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#102685 - 07/13/18 06:33 PM Re: Lightning: What Should You Do On Mt. Whitney? [Re: Akichow]
Richard P. Offline
Member

Registered: 06/26/03
Posts: 4865
Loc: Ridgecrest, CA
Dallas Raines just said 7 people a year get struck by lightning in CA each year... mostly in Kings Canyon National Park (think Guitar Lake).

Speedy and I were doing the East Ridge of Russel years ago and when we came up to the top of the ridge from the north side, it was amazing that a storm had moved in so quickly! Mike's pole were buzzing (I heard them; he felt them.), so he tossed them. I picked them up, ran up and tagged the summit (Speedy skipped it.) and raced over to the South Face, Right Side route to drop altitude in a hurry.

We ran into a really cool Guide and his clients on our way down and had an interesting walk down to Iceberg Lake.

As I recall, the storm cleared as fast as it raced in...

I did give Speedy his poles back...

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#102686 - 07/13/18 08:55 PM Re: Lightning: What Should You Do On Mt. Whitney? [Re: Richard P.]
Kurt Wedberg Offline


Member

Registered: 06/21/05
Posts: 994
Loc: Bishop, CA
Ha! I remember that day well Richard. I was guiding a couple clients on the classic East Ridge of Mt Russell, which is still one of my all time favorite 3rd class routes in the Sierra. After reaching the summit it seemed like the development of that storm had kicked into overdrive. You, Mike & I were at the top of the SW Chute. I lowered my clients down the steep 3rd class pitch as quickly as I safely could & afterward I never coiled a rope so fast in my life before down climbing off the ridge! Exciting times & great memories!
_________________________
Kurt Wedberg
info@sierramountaineering.com
http://www.sierramountaineering.com

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#102687 - 07/14/18 07:55 PM Re: Lightning: What Should You Do On Mt. Whitney? [Re: Kurt Wedberg]
Ridgeline Offline
Member

Registered: 12/08/03
Posts: 397
Loc: Granada Hills Ca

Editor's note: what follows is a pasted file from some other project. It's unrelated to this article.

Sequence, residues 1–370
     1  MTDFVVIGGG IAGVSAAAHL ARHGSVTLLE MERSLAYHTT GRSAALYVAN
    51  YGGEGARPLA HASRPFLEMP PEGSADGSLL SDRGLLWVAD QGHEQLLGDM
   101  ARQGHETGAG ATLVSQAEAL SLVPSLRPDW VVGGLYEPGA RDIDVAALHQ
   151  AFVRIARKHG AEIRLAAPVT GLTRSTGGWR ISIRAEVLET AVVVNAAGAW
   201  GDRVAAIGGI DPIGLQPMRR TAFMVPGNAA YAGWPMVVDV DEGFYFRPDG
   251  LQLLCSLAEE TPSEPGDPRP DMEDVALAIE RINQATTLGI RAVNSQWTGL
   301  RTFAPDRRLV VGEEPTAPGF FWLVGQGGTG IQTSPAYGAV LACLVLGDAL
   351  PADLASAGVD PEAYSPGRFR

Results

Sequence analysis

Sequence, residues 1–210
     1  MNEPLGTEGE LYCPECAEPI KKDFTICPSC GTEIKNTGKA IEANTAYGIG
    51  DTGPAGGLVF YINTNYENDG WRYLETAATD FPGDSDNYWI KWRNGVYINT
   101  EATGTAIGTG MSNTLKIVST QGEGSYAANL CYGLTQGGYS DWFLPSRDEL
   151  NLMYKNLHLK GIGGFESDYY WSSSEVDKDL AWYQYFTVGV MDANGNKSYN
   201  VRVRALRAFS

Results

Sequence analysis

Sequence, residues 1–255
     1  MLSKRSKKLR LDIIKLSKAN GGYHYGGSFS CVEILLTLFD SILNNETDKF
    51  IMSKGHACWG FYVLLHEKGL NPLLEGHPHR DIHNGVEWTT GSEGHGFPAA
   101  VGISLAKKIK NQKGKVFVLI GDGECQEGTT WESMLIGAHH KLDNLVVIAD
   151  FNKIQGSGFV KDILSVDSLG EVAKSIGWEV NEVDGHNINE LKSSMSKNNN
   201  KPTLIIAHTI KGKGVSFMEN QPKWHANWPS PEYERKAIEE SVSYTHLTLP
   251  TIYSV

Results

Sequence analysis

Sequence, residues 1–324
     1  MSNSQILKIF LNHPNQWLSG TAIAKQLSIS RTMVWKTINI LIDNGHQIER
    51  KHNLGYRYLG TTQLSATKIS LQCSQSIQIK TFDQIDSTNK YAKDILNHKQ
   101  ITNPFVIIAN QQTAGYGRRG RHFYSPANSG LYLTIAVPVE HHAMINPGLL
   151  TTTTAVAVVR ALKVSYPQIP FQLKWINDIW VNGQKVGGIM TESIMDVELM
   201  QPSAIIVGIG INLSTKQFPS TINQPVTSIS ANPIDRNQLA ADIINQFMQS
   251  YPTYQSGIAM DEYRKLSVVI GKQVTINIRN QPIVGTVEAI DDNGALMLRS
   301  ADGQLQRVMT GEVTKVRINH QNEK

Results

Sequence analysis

I had hiked with one of your clients(JG)just after that adventure, he talked about that day, your expertise in exiting the mountain and running into the infamous RP and Mike. Excitement was the order of the day.

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#102692 - 07/19/18 07:52 PM Re: Lightning: What Should You Do On Mt. Whitney? [Re: Ridgeline]
Kurt Wedberg Offline


Member

Registered: 06/21/05
Posts: 994
Loc: Bishop, CA
Originally Posted By: Ridgeline
I had hiked with one of your clients(JG)just after that adventure, he talked about that day, your expertise in exiting the mountain and running into the infamous RP and Mike. Excitement was the order of the day.

Yeah that was a very memorable climb. It's hard to believe that was Labor Day weekend 2009. My how time flies! The pix I took from that trip are here. Below are a couple highlights.

Summit photo on Mt. Russell


Our group descending with Giga Mike still heading up


My guys off the ridge with fresh hail falling. Wow how quickly the weather changed!


Dark clouds over Mt. Whitney as we started descending off Mt. Russell


Richard & Giga Mike following us off the ridge as the area was getting soaked
_________________________
Kurt Wedberg
info@sierramountaineering.com
http://www.sierramountaineering.com

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#102707 - 07/30/18 05:14 AM Re: Lightning: What Should You Do On Mt. Whitney? [Re: Kurt Wedberg]
Richard P. Offline
Member

Registered: 06/26/03
Posts: 4865
Loc: Ridgecrest, CA
Unbelievable how time files...

Saw an email that Dr. Dirtbag is "flying" (on his feet) all over the Alps (mention of Grandes Jorasses drew my attention to his blog post...) which lead to...

...Steck died in a fall on Nuptse more than a year ago...

...which reminds me that I did Nepal was 5 years ago (the year of the Brawl in the Icefall - actually I think is might have been Camp 2.)

Last August would have been 45 years since my 1st Whitney (meaning 50 is only 4 years away...)

What else have I missed from the climbing world?

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#102743 - 08/15/18 01:20 AM Re: Lightning: What Should You Do On Mt. Whitney? [Re: Richard P.]
Kurt Wedberg Offline


Member

Registered: 06/21/05
Posts: 994
Loc: Bishop, CA
Originally Posted By: Richard P.
Saw an email that Dr. Dirtbag is "flying" (on his feet) all over the Alps (mention of Grandes Jorasses drew my attention to his blog post...)

Oh wow I'm sorry I didn't see him in the Alps. I just got back from a beautiful climb of Mont Blanc.



Mont Blanc summit August 11, 2018


Originally Posted By: Richard P.
...which reminds me that I did Nepal was 5 years ago (the year of the Brawl in the Icefall - actually I think is might have been Camp 2.)

That brawl was at Camp 2. A very unnecessary and avoidable event it was. The last time I was in Nepal was this past spring. I guided a climb of Island Peak. That's such a beautiful climb and a great way to add a fun mountaineering adventure to a trek in that beautiful region. You should check out my photo gallery from that trip especially the shots of Namche Bazar. That village has changed a lot in the last couple of years.

Crazy crevasse crossing

Climbing the glacier on summit day


Summit of Island Peak (6189m/20304’)
_________________________
Kurt Wedberg
info@sierramountaineering.com
http://www.sierramountaineering.com